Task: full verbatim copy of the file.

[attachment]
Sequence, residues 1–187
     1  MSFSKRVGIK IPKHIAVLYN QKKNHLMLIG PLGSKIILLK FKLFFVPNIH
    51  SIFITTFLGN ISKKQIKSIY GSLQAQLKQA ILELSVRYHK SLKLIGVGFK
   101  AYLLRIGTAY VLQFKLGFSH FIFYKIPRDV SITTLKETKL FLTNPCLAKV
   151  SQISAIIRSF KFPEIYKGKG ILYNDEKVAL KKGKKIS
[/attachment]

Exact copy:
Sequence, residues 1–187
     1  MSFSKRVGIK IPKHIAVLYN QKKNHLMLIG PLGSKIILLK FKLFFVPNIH
    51  SIFITTFLGN ISKKQIKSIY GSLQAQLKQA ILELSVRYHK SLKLIGVGFK
   101  AYLLRIGTAY VLQFKLGFSH FIFYKIPRDV SITTLKETKL FLTNPCLAKV
   151  SQISAIIRSF KFPEIYKGKG ILYNDEKVAL KKGKKIS